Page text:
I'm in no mood to see him now,
Poor lad! He must be tired, I trow;
He must not go disconsolate.
Hand me thy cap and gown; the mask
Is for my purpose quite first rate.
(He changes his dress.)
Now leave it to my wit! I ask
But quarter of an hour; meanwhile equip,
And make all ready for our pleasant trip!
MEPHISTOPHELES (in FAUST'S long gown)
Mortal! the loftiest attributes of men,
Reason and Knowledge, only thus contemn,
Still let the Prince of lies, without control,
With shows, and mocking charms delude thy soul,
I have thee unconditionally then!
Fate hath endow'd him with an ardent mind,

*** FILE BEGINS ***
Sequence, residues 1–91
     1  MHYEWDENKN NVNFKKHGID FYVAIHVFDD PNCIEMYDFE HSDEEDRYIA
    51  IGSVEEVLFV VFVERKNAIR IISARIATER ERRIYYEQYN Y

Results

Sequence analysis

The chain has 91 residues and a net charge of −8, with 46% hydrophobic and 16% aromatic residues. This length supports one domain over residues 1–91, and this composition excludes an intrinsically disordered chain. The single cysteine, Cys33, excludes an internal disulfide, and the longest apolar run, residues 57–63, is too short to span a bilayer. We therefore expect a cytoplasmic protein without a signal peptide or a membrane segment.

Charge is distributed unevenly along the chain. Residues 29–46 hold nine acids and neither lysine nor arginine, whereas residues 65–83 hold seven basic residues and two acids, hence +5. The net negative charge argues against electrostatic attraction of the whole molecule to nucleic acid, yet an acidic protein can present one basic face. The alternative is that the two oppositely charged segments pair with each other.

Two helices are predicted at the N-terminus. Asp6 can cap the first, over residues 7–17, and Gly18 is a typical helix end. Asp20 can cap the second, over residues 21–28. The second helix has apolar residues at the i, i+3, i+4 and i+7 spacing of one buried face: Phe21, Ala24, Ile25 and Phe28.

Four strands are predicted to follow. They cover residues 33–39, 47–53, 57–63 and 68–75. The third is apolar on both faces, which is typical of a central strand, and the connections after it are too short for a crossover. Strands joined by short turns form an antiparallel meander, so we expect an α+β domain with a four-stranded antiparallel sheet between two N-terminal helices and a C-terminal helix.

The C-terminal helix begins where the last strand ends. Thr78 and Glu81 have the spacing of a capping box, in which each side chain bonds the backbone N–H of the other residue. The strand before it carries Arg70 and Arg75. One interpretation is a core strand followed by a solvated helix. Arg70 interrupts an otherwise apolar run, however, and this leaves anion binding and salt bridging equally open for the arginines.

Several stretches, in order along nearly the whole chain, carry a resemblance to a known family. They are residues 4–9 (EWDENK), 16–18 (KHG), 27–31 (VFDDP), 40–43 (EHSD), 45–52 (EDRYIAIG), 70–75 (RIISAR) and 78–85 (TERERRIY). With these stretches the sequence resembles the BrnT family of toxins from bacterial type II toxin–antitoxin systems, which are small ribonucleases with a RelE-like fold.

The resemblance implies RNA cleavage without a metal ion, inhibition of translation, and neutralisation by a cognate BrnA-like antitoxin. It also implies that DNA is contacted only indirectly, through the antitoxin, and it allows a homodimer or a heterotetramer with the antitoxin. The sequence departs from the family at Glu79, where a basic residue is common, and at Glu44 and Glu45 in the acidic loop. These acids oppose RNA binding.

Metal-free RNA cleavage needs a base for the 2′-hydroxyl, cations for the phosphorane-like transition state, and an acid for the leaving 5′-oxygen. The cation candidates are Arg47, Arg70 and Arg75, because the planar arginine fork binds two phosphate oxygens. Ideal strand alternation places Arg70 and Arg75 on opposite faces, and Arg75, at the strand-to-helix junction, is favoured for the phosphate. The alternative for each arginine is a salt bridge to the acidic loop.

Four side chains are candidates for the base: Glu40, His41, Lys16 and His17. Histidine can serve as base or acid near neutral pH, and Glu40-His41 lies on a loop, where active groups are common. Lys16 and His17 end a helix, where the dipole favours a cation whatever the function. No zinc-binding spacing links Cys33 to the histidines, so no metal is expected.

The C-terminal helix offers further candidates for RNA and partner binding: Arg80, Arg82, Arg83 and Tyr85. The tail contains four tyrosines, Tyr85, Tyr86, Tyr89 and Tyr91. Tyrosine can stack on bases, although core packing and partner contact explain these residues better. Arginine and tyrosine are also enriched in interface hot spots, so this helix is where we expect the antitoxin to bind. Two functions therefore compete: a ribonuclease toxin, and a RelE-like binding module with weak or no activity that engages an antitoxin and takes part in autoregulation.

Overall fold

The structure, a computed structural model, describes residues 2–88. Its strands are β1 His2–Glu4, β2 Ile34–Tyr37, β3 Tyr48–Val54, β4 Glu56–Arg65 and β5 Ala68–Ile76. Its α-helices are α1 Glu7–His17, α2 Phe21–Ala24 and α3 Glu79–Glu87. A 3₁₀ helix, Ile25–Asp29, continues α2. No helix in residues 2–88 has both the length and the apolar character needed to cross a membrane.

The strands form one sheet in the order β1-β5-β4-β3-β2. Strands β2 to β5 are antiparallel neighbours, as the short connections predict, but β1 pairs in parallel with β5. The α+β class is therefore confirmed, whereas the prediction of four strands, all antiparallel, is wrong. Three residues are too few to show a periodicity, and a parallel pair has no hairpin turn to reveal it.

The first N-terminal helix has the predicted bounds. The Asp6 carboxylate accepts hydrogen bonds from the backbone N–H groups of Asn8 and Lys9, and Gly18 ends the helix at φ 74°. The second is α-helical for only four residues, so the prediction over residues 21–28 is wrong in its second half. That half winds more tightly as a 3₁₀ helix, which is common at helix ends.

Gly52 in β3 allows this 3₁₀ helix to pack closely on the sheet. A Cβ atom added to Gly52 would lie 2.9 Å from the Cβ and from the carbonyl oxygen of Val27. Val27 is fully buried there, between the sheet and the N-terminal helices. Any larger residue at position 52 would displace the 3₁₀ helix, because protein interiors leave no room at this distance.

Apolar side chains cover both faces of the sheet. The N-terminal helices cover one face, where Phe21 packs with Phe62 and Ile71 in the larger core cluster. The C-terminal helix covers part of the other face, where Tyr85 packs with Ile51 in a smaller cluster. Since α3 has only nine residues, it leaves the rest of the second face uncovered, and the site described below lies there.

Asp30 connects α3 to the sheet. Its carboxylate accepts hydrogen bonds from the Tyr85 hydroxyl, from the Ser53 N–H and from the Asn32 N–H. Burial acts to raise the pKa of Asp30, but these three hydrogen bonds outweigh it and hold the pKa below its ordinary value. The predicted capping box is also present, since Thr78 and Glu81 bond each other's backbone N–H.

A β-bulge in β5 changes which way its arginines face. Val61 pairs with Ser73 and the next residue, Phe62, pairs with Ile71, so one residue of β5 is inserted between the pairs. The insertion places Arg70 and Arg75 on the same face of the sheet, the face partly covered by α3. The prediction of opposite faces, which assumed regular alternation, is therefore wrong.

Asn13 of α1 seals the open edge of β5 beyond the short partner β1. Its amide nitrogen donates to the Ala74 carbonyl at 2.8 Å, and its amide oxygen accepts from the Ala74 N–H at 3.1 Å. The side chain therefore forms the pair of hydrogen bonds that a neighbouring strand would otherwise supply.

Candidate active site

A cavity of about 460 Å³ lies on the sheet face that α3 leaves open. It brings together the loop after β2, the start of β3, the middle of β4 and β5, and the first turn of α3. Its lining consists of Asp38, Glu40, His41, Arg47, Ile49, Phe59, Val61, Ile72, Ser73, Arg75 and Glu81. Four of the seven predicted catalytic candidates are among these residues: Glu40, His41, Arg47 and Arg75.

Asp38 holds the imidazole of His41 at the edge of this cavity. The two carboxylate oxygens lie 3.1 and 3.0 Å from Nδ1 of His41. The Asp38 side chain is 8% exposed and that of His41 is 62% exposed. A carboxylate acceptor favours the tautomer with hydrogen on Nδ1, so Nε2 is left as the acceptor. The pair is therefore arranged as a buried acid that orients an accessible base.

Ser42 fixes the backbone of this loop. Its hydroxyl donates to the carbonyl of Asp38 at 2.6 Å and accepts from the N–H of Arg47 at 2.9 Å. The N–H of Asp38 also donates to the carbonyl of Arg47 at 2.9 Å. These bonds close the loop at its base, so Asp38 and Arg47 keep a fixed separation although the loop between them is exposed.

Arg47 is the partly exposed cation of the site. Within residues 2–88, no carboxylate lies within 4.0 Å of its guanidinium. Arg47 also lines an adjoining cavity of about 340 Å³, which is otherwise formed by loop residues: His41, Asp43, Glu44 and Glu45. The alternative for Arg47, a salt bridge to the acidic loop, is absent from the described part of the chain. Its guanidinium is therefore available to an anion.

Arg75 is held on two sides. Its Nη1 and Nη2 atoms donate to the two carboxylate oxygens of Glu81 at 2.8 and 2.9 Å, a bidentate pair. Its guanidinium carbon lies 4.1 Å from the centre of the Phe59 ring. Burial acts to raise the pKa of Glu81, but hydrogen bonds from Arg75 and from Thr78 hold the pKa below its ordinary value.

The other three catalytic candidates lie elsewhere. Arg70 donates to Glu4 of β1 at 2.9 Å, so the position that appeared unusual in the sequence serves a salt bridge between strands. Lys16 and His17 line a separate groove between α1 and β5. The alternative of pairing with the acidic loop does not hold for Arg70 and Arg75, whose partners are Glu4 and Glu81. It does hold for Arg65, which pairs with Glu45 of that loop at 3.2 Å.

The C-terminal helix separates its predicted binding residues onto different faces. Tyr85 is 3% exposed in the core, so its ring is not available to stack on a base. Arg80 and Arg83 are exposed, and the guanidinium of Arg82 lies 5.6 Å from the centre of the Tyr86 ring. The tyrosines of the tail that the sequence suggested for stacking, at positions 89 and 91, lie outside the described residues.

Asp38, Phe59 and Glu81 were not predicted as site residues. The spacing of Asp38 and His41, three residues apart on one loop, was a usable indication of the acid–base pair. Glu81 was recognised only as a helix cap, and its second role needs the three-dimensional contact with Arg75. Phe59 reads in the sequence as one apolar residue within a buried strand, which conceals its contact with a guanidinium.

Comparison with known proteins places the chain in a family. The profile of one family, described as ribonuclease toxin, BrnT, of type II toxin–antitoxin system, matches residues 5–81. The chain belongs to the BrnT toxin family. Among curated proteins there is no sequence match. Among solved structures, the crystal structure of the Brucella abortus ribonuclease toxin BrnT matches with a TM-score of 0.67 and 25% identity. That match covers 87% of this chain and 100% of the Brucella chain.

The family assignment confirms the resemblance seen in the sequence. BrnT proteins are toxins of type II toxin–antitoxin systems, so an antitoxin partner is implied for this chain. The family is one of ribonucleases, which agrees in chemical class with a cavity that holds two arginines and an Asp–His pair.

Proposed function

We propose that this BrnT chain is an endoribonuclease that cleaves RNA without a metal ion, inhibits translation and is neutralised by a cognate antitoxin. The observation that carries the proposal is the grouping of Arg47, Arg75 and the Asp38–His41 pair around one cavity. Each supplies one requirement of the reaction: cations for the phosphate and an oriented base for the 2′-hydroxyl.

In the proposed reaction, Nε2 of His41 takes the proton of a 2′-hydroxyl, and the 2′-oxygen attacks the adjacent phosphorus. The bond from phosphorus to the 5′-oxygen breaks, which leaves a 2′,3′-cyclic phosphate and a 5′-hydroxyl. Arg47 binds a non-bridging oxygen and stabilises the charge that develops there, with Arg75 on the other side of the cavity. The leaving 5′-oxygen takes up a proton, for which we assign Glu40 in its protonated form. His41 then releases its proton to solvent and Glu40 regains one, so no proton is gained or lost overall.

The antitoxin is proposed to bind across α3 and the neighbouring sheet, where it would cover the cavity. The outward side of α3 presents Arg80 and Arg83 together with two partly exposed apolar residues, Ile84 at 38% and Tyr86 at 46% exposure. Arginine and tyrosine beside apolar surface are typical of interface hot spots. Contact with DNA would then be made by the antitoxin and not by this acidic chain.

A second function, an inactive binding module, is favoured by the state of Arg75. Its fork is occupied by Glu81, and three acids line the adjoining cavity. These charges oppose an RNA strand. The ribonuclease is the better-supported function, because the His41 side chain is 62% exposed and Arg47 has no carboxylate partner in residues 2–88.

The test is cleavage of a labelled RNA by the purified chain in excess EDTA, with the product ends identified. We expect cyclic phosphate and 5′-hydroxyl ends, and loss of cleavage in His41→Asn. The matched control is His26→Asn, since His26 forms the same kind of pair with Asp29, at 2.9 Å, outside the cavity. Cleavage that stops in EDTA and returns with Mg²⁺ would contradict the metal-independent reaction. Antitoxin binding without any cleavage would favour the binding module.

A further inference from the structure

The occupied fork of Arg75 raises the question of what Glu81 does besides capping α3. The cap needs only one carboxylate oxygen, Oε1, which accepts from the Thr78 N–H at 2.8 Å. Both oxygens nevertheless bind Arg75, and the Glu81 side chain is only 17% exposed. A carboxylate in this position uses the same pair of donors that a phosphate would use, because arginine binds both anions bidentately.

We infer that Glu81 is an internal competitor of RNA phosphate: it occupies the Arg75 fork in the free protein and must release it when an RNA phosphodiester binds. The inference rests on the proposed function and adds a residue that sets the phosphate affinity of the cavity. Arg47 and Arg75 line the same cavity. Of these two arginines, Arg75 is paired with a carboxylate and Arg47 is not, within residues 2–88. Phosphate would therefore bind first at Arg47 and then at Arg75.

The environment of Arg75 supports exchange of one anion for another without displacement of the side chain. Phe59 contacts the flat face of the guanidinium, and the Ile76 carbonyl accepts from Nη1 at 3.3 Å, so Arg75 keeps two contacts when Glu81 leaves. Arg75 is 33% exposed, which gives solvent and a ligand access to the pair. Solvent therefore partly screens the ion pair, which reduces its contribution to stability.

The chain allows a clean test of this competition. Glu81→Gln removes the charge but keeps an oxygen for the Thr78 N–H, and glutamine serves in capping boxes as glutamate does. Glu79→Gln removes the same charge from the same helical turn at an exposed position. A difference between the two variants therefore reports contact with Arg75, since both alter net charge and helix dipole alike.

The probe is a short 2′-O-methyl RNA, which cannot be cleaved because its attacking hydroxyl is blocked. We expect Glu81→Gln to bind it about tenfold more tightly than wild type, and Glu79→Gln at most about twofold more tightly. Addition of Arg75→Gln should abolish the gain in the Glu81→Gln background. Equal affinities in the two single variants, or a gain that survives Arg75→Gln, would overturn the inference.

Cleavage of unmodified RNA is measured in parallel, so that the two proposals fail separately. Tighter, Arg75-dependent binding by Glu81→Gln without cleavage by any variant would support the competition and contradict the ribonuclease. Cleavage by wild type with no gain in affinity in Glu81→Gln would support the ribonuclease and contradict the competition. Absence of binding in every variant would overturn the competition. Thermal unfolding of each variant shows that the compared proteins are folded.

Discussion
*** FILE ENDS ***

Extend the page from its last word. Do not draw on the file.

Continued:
Which unrestrain'd still presses on for ever,
And whose precipitate endeavour
Earth's joys o'erleaping, leaveth them behind.
Him will I drag through life's wild waste,
Through scenes of vapid dulness, where at last
Bewilder'd, he shall falter, and stick fast;
And, still to mock his greedy haste,
Viands and drink shall float his craving lips beyond--
Vainly he'll seek refreshment, anguish-tost,
And were he not the devil's by his bond,
Yet must his soul infallibly be lost!
[ . . . ]
Source of English translation: Goethe’s Faust, translated by Anna Swanick, with an introduction and bibliography by Karl Breul. London: George Bell and Sons, 1905, pp. 8-20, 50-60.